Voltage-gated Na+ channels are heteromultimeric integral membrane proteins that are responsible for the initial phase of the action potential in most excitable cells. A variety of inherited diseases of skeletal muscle (hyperkalemic periodic paralysis, paramyotonia congentia) and cardiac muscle (congenital long QT syndrome) are now known to be caused by genetic mutations in two human Na+ channel a-subunit genes: SCN4A and SCN5A encoding the skeletal muscle and cardiac isoforms, respectively. This proposal is a competing renewal of RO1-NS32387 and outlines experiments aimed at defining the molecular basis of these human disorders, and to elucidate relationships between the structure and function of voltage-gated Na+ channels. Mutant Na+ channels will be expressed heterologously in a cultured mammalian cell system, and studied by detailed electrophysiological analyses. As an extension of this work, they also will exploit the mutant expression system to evaluate the pharmacology of disease causing Na+ channel alleles. This is based on preliminary evidence that allele-specific differences exist among the various SCN4A and SCN5A mutations in local anesthetic/antiarrhythimic drug affinity, and that knowledge of these differences may assist in development of therapeutic strategies. In this endeavor, they will correlate pharmacological responses to specific genotypes. Defining allele-specific pharmacology in Na+ channel diseases may have direct therapeutic implications by identifying compounds that act beneficially to correct the underlying functional defect in the channel and thus provide for more rationale drug treatment of these disorders. Ongoing efforts to define the molecular basis of charge movement in voltage-gated Na+ channels will continue and the role of D1/S6 in fast inactivation will be evaluated. A third area of investigation will be to define structural determinants of Na+ channel a-b1 subunit interactions. These studies will provide information regarding the structure and function of mammalian Na+ channels.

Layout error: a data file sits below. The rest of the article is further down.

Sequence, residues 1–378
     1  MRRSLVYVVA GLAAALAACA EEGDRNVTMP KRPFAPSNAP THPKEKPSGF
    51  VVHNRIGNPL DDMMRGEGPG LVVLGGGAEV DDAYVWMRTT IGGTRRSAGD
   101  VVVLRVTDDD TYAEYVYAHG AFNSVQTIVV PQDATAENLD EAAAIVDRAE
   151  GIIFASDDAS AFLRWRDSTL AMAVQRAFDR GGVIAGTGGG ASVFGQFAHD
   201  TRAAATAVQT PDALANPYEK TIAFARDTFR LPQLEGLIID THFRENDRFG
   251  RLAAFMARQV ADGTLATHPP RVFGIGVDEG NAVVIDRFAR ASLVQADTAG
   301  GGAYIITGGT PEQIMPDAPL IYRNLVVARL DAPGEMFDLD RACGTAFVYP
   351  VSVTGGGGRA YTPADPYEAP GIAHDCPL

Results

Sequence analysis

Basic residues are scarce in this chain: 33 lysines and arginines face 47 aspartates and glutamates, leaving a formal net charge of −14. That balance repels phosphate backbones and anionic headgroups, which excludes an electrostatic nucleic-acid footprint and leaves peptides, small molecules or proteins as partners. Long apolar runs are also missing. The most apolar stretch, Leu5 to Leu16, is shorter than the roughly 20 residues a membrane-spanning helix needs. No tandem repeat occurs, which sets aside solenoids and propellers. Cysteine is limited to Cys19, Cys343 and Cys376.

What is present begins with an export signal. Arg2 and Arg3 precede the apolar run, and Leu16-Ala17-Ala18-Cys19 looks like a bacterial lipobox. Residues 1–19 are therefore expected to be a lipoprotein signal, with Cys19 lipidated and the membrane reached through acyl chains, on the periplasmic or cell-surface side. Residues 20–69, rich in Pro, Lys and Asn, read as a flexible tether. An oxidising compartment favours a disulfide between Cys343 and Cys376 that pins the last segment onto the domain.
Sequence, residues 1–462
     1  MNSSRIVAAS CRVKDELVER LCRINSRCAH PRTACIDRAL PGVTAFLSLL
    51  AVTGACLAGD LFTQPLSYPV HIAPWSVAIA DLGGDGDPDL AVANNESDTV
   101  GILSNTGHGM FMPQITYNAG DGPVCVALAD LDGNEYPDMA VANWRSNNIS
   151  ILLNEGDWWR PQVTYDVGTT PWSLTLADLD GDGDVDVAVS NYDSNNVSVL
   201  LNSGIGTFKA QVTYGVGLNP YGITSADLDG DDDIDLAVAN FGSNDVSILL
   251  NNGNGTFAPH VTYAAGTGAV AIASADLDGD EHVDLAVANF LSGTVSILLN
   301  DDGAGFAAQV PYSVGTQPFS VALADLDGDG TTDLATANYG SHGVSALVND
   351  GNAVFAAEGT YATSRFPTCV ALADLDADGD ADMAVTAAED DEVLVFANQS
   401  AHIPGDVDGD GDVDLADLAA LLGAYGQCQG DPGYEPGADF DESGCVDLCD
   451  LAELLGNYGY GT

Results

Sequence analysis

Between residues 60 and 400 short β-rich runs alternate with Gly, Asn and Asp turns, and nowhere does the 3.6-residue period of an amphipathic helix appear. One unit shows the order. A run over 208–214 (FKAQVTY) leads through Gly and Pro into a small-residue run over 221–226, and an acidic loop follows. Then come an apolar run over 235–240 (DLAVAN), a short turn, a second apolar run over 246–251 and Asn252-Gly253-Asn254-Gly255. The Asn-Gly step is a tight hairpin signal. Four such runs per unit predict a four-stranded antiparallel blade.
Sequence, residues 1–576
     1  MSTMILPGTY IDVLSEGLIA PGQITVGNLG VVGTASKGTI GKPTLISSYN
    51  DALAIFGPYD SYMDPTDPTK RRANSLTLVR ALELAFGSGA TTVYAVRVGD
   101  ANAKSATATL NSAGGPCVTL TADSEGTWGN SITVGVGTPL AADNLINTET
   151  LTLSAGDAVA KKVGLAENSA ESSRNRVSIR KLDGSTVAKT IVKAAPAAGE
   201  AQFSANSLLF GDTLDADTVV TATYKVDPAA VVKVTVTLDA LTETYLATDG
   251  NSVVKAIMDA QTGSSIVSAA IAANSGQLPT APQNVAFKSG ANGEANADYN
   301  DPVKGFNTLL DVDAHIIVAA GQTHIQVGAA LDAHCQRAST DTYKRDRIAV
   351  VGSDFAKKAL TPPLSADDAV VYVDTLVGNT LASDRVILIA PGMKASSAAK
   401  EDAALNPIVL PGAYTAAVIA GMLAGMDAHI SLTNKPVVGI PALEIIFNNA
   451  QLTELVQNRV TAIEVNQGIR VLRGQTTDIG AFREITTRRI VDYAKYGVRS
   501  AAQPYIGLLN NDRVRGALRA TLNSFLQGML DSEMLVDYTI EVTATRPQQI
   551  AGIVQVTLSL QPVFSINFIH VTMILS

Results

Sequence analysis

National Institute of Health (NIH)
National Institute of Neurological Disorders and Stroke (NINDS)
Research Project (R01)
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Neurology C Study Section (NEUC)
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Nichols, Paul L
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Vanderbilt University Medical Center
Internal Medicine/Medicine
Schools of Medicine
United States
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